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Biden, McCarthy hold important meeting on debt ceiling as time to resolve deadlock gets shorter and shorter


WASHINGTON (AP) – President Joe Biden and House Speaker Kevin McCarthy will meet at the White House at a crucial time as Washington strives to reach a budget compromise and raise the nation’s borrowing limit in time to prevent prevent severe federal default.

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Monday afternoon’s meeting between the Democratic president and the new Republican speaker will be crucial as they race to avert a looming debt crisis. After a weekend of negotiations began, both men appeared optimistic as they faced a deadline, shortly after June 1, when the government could run out of cash to pay the bills.


Biden and McCarthy spoke by phone on Sunday while the president was returning home on Air Force One from the G7 summit in Japan. “It’s going well, we’ll talk tomorrow,” Biden said in response to a question shouted back on his return late Sunday.

The call revived the talks, and the negotiators met for two and a half hours at the Capitol on Sunday night, saying very little as they left. Financial markets turned bearish last week after negotiations stalled.

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McCarthy, R-Calif., told reporters earlier on Sunday that the call with Biden was “productive” and that repeated negotiations between his staff and White House representatives focused on spending cuts.

“I think we can make a deal,” Biden said at a news conference before leaving Japan.

The contours of a deal appear to be within reach, and negotiations have narrowed on the 2024 budget year limit that will be key to resolving the impasse. Republicans have insisted spending next year cannot be more than current levels in 2023, but Democrats have refused to accept the steeper cuts that McCarthy’s team first proposed.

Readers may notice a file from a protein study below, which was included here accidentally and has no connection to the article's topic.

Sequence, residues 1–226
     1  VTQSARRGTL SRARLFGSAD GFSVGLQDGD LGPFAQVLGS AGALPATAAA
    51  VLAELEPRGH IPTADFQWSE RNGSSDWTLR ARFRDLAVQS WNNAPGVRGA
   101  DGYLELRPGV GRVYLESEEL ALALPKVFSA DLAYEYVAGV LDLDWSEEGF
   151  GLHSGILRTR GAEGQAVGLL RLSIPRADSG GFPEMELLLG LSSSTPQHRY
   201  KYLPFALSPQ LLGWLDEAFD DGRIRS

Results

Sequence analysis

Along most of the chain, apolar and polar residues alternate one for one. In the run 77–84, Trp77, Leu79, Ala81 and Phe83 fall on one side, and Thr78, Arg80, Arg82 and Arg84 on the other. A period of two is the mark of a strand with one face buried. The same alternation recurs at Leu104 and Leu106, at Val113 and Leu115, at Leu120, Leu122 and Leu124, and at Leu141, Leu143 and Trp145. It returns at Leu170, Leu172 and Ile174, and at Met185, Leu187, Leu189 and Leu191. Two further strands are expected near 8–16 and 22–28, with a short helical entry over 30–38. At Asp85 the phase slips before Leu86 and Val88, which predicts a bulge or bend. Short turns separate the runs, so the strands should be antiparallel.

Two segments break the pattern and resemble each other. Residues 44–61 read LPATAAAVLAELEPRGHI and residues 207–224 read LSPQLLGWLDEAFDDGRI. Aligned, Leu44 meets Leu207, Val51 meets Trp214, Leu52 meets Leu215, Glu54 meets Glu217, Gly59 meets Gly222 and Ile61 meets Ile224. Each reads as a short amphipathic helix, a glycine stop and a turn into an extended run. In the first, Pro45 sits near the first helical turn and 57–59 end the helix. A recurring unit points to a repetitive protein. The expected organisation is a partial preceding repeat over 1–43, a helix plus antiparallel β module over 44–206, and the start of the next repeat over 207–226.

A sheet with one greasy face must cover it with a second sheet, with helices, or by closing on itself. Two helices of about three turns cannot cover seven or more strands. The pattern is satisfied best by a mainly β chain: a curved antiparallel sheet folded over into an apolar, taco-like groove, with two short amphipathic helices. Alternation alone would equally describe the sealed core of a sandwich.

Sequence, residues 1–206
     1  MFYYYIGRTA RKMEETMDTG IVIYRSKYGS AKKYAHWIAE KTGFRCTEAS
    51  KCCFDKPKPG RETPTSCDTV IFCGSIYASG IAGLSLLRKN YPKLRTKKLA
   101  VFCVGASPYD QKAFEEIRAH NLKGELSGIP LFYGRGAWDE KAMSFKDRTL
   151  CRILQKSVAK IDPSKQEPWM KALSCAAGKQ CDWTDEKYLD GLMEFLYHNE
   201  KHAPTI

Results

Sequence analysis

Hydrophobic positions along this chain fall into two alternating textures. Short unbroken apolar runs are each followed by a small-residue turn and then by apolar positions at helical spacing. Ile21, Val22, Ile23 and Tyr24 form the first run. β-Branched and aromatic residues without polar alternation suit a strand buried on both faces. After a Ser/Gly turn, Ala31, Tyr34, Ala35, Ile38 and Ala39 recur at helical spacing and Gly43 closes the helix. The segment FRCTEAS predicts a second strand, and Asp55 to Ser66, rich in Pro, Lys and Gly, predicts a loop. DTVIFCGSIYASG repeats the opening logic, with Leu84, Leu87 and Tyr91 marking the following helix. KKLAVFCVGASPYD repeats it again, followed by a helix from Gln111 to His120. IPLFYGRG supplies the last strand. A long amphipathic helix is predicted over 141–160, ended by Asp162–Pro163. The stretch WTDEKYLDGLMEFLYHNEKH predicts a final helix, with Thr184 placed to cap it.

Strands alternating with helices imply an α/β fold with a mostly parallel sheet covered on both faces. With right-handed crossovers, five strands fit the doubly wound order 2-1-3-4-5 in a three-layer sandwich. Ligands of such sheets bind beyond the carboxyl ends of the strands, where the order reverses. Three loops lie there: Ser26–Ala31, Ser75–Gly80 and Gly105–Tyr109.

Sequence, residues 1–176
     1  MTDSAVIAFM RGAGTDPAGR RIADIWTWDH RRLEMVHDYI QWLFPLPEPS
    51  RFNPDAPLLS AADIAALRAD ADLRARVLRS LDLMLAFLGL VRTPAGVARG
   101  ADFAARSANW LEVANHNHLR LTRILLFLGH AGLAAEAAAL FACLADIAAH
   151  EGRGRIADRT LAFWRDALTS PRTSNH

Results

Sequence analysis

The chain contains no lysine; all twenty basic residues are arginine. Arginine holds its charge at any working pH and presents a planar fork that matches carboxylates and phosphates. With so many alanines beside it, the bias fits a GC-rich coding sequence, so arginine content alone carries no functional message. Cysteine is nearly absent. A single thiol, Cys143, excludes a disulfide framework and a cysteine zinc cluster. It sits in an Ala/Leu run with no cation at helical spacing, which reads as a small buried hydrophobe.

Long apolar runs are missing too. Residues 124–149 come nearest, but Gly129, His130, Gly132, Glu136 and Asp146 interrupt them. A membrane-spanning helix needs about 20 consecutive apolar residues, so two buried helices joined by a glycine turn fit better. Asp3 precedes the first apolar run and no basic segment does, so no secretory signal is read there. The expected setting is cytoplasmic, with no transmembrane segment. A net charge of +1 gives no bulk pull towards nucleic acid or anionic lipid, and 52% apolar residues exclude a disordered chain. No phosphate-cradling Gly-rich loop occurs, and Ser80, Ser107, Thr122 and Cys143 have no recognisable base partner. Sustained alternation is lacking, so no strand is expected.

A budget deal would usher in a separate vote to lift the debt ceiling, currently $31 trillion, to allow for more borrowing to pay bills already incurred. Finance Minister Janet Yellen said on Sunday that June 1 was a “deadline”.


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“We will continue to work,” Steve Ricchetti, an adviser to the president, said as the White House team concluded talks late Sunday.

McCarthy said after the phone call with Biden that “I think we can work around some of these issues if he understands what we’re looking at.” The speaker added: “But I made it very clear to him from the beginning. We have to spend less money than we did last year.”

McCarthy emerged from that conversation optimistically and careful not to criticize Biden’s trip as he had been. He was cautious, “No agreement on anything.”

Earlier, Biden used his closing press conference in Hiroshima, Japan, to warn Republicans in the House of Representatives that they must abandon their “extremist stance” on raising the debt limit and that there would be no deal on their terms alone to avoid a catastrophic default.

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Biden said “it’s time for Republicans to accept that no deal is made on their partisan terms alone.” He said he had done his part in an effort to raise the borrowing limit so the government could continue to pay its bills, by agreeing to significantly cut spending. “Now is the time for the other side to move away from their extreme position.”